Wednesday, September 18, 2019

Onward into Nebraska, hiking half a dozen historic trails in one

Colorado or Bust, days 75 through 81:

It's US Highway 30.  It's the Overland Trail, a name older but less famous than the Oregon Trail, which follows substantially the same route across Nebraska.  The Oregon Trail was fading from memory until it was given new life by Ezra Meeker's 1906 re-enactment of his 1852 journey as a young family man seeking land to call his own.  His re-enactment gained great press attention and was the subject of a popular memoir he wrote about the trip.  In Nebraska, the same route was followed by Brigham Young and his Mormon followers in their migration to Utah.  And it's the same route used by the '49er gold seekers headed to California.

Between 1834 and 1867 an estimated 400,000 cross-country travelers followed the route along the Platte River.  To be sure, few of them walked the whole way.  This was no recreational trail.  An estimated 10,000 to 20,000 of those who set out on the trail died before reaching their destination.

It was a trail that made history and changed history as few others have.  It is the trail that built the west.  It's hard to underestimate its impact.

Sometimes I get goosebumps as I stop to read some of these historic markers.

In 1869 the very same Platte Valley route was opened to transcontinental railroad travel, and the stream of travelers only increased.

In 1903 Dr. Horatio Nelson Jackson drove this same route in his 20 horsepower Winton motorcar.  Upon arriving in New York City, his drive was celebrated as the first coast-to-coast automobile trip.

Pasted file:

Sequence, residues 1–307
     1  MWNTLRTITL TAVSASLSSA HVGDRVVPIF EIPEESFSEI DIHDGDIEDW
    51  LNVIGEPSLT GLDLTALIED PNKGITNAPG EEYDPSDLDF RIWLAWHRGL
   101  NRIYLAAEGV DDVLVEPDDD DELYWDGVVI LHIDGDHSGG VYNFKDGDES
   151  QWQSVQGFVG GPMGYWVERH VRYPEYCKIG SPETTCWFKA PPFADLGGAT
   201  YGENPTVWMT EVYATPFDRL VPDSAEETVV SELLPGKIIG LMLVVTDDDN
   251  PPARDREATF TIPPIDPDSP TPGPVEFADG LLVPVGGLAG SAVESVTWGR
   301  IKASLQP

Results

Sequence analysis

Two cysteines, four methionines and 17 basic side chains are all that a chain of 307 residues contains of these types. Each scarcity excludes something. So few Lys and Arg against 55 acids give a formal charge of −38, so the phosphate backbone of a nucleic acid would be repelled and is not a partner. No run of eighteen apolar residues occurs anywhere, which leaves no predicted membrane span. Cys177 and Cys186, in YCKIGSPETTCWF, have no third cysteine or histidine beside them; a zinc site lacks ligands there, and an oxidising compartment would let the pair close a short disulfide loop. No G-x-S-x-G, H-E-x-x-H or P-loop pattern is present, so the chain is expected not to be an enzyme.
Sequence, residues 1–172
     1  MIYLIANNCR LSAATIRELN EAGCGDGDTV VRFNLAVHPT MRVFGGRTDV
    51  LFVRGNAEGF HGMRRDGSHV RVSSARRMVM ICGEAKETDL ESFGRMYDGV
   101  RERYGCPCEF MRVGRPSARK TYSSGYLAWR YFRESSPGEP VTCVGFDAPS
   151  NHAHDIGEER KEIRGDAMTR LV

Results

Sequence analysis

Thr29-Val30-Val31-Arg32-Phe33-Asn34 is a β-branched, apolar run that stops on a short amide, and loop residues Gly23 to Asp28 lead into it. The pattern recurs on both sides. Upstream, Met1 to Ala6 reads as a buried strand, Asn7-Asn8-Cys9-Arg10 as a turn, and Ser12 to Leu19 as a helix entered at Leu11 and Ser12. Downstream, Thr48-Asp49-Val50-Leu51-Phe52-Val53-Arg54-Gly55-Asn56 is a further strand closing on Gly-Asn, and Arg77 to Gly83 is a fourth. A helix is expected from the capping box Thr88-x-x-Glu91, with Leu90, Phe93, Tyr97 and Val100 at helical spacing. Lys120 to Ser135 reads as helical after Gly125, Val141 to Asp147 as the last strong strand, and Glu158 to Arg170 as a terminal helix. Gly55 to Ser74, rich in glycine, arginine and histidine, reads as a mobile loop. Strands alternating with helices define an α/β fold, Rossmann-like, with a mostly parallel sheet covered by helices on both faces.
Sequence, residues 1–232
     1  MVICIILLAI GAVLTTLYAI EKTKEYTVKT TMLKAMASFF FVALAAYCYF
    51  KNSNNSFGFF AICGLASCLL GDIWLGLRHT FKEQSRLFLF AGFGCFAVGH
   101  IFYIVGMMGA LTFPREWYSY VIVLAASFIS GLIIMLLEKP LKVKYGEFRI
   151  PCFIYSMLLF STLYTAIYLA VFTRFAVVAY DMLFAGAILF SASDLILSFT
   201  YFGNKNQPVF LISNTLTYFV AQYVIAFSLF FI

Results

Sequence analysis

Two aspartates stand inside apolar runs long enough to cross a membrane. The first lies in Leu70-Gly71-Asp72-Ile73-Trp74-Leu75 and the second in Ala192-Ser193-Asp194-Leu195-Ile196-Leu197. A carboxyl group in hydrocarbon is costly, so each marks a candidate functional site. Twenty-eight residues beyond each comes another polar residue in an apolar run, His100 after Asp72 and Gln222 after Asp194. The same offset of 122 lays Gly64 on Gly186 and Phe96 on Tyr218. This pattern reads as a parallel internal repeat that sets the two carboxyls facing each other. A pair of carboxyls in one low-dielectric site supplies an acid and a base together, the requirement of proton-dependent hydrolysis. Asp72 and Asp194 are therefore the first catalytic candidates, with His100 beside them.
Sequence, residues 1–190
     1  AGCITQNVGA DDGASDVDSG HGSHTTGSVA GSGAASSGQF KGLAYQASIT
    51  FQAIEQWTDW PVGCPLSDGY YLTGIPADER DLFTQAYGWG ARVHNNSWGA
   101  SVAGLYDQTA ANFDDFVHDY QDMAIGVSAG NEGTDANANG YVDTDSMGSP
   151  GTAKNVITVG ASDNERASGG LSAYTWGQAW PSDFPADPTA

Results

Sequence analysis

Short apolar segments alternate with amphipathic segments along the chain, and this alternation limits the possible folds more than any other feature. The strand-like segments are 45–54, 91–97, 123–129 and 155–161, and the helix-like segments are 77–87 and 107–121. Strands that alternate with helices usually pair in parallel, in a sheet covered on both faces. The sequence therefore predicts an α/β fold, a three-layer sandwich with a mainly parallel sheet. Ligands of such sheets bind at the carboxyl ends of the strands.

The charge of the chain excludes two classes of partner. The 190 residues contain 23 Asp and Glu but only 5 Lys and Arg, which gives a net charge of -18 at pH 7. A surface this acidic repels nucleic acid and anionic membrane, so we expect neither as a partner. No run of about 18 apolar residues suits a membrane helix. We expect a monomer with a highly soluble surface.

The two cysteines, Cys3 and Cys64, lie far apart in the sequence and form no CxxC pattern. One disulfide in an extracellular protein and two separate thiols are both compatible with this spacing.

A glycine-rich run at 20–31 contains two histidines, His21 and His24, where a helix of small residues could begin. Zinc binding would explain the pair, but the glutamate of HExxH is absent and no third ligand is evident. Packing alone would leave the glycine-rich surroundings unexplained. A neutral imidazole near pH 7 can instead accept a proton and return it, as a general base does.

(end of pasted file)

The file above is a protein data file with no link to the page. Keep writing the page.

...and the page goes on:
Only ten years later, the Platte Valley route became part of the first marked transcontinental motor highway, the Lincoln Highway.

In November 1926, barely a dozen years after the Lincoln Highway was dedicated, the US Highway numbering system was approved, and the Nebraska portion along the Platte River was designated as US Highway 30.

It's still called that today.  But all those other names, with the rich layers of history they represent, are still remembered and celebrated.

And that's why I'm walking this way.  The Overland Trail, in particular, takes me directly to my destination, Fort Collins, Colorado, where the original trail follows a street still named Overland Trail that was my daily commuter route for ten years.

Much more on this as time progresses.  For now, it's time to return to US 30 in western Iowa and eastern Nebraska.

I crossed the Missouri River on the Blair Bridge, a 1991 replacement of a bridge first opened in 1928 and heavily advertised as the Lincoln Highway's latest improvement.

It was another goosebumps moment as I looked down upon the swirling currents and imagined the Lewis and Clark party working their way upstream in their simple canoes, hugging the shore to avoid the current, always seeking out those counter-currents and eddies that would ease their way north and west into the unknown reaches of Jefferson's Louisiana Purchase.

It wasn't all about the uncountable stories of the travelers who came before me.  Sometimes it was just about the here and now.

Here's the GPS Track collection for the week of hiking covered.

It's an excellent adventure, this.  Highway walking has its perks, and every small town I pass through feeds me another tasty bite of real, honest-to-goodness America.  I'm loving it.

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